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Am Fam Physician. 2017;95(9):583-584

Author disclosure: No relevant financial affiliations.

A 13-year-old boy presented with increased breast size and darkening of the areola, which began at 11 years of age. He had occasional soreness in the breast area but no nipple discharge. His medical history included asthma, allergic rhinitis, obesity, and dyslipidemia treated with pravastatin (Pravachol). He was not using any other medications or illicit drugs.

Physical examination revealed grade 3 gynecomastia with ptotic, or sagging, breasts (Figures 1 and 2). The nipples fell below the inframammary crease. The breasts appeared to consist of fat and glandular tissues with enlarged and darkened areolas. No palpable masses were noted.

Question

Based on the patient's history and physical examination findings, which one of the following is the most likely diagnosis?

Discussion

The correct answer is B: physiologic gynecomastia. Physiologic gynecomastia is the most common form of gynecomastia1 and occurs in three distinct age groups: newborns, adolescents, and men older than 50 years. Neonatal physiologic gynecomastia is due to maternal transplacental estrogen.2 Approximately 60% to 90% of male newborns exhibit some degree of gynecomastia.2 Adolescent physiologic gynecomastia is due to increased circulating estradiol concentration or increased breast sensitivity to normal male levels of estrogens during puberty (typically 13 or 14 years of age).2 About 50% to 60% of adolescent males experience gynecomastia. Physiologic gynecomastia occurs in 35% to 65% of older men as a result of decreasing testosterone levels.2

Physiologic gynecomastia is characterized by the proliferation of glandular breast tissue. On physical examination, firm or rubbery breast tissue that is concentric to the nipple or areola is palpable. Physiologic gynecomastia is typically bilateral but may be unilateral. Further evaluation is warranted if gynecomastia occurs outside of the typical age groups for physiologic gynecomastia. Workup for gynecomastia may include liver and renal function tests, and measurements of thyroid-stimulating hormone, serum human chorionic gonadotropin, luteinizing hormone, follicle-stimulating hormone, estradiol, testosterone, and prolactin.1 Breast or testicular imaging may also be warranted if there are signs of a possible mass on physical examination. Physiologic gynecomastia commonly resolves spontaneously; however, further intervention, including treatment with a selective estrogen receptor modulator or breast reduction surgery, may be considered for aesthetic reasons.1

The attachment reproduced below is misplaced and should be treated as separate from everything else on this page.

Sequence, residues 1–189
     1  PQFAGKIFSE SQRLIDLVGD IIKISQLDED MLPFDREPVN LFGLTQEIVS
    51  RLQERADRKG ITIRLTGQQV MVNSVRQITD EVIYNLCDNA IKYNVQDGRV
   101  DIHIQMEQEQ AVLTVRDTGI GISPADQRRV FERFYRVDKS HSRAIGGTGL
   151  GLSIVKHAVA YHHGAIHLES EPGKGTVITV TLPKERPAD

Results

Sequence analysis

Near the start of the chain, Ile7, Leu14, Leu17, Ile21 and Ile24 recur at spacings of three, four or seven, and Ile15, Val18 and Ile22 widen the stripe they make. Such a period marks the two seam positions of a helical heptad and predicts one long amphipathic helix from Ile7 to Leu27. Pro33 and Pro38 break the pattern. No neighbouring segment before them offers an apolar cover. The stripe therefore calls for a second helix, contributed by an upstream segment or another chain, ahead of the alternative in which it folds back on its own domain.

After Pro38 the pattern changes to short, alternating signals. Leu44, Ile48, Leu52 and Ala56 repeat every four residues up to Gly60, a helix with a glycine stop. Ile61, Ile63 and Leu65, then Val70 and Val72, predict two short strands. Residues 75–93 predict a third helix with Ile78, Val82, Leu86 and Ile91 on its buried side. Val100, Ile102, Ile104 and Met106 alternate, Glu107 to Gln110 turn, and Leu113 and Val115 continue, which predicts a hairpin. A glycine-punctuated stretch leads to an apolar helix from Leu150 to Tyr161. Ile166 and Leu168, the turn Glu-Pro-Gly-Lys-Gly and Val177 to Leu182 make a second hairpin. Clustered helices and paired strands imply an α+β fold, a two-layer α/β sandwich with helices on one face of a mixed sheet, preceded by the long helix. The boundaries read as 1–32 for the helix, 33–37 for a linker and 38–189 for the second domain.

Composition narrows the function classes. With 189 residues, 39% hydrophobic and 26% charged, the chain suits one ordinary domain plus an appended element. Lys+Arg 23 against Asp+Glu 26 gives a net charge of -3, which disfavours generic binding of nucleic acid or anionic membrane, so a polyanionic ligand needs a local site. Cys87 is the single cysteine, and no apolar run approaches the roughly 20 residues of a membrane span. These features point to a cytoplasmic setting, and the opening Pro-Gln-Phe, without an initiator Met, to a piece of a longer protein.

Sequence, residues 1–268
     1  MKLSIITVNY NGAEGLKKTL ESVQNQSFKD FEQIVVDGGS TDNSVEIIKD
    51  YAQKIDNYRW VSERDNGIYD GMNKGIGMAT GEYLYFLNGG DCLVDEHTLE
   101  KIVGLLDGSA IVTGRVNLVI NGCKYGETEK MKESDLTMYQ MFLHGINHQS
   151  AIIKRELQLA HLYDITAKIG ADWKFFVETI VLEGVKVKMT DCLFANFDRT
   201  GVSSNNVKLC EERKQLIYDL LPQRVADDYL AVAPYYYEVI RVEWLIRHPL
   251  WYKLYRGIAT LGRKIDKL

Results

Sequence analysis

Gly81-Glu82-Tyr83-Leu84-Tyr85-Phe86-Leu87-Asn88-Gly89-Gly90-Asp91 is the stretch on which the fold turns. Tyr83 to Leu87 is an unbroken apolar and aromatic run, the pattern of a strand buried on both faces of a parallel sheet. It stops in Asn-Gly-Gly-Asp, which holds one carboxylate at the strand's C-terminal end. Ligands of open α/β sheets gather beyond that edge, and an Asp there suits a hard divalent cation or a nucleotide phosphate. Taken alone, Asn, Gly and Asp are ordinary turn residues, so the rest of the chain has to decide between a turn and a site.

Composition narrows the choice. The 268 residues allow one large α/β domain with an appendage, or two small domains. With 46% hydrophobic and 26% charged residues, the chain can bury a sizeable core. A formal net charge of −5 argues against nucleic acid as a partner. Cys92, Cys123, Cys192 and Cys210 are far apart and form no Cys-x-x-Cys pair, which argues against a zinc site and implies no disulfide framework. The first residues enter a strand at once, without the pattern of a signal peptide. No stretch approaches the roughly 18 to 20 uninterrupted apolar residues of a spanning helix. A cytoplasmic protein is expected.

Medication or drug use is a well-known cause of gynecomastia (about 10% to 25% of cases).1 A detailed medication history is imperative in the evaluation of male breast enlargement. Findings include a discrete, round, mobile mass under the areola. It is usually bilateral. Common agents that can cause gynecomastia include spironolactone; anabolic steroids; antipsychotics, such as haloperidol; and illicit drugs, including marijuana, heroin, and amphetamines.1,3

Primary hypogonadism occurs in approximately 8% of gynecomastia cases.1 Laboratory results consistent with primary hypogonadism include an elevated luteinizing hormone level and diminished testosterone level. There are several causes of primary hypogonadism, including Klinefelter syndrome, 5α-reductase deficiency, and testicular trauma.1

Pseudogynecomastia is increased adipose tissue in the breasts and should be considered in obese male patients. It can be distinguished from gynecomastia by physical examination findings of soft adipose tissue rather than glandular breast tissue.4

Testicular cancers, including Leydig cell and Sertoli cell tumors, can produce estrogen, which may result in gynecomastia (about 3% of cases).1 A testicular mass may be palpable on physical examination, and human chorionic gonadotropin levels may be elevated.5

ConditionCharacteristics
Medication or illicit drug useDiscrete, round, mobile mass under the areola, usually bilateral; common agents include spironolactone, anabolic steroids, antipsychotics (e.g., haloperidol), and illicit drugs, including marijuana, heroin, and amphetamines
Physiologic gynecomastiaProliferation of glandular breast tissue; palpable firm or rubbery breast tissue that is concentric to the nipple or areola; typically bilateral but may be unilateral; most common form of gynecomastia; occurs in newborns, adolescents, and men older than 50 years
Primary hypogonadismIncreased glandular breast tissue concentric to the nipple; usually bilateral; elevated luteinizing hormone level and diminished testosterone level
PseudogynecomastiaIncreased adipose tissue in the breasts, rather than glandular tissue; occurs in patients who are obese
Testicular cancerLeydig cell and Sertoli cell tumors can produce estrogen, resulting in gynecomastia; testicular mass may be palpable, and human chorionic gonadotropin levels may be elevated

The editors of AFP welcome submissions for Photo Quiz. Guidelines for preparing and submitting a Photo Quiz manuscript can be found in the Authors' Guide at https://www.aafp.org/afp/photoquizinfo. To be considered for publication, submissions must meet these guidelines. E-mail submissions to afpphoto@aafp.org.

This series is coordinated by John E. Delzell Jr., MD, MSPH, associate medical editor.

A collection of Photo Quiz published in AFP is available at https://www.aafp.org/afp/photoquiz

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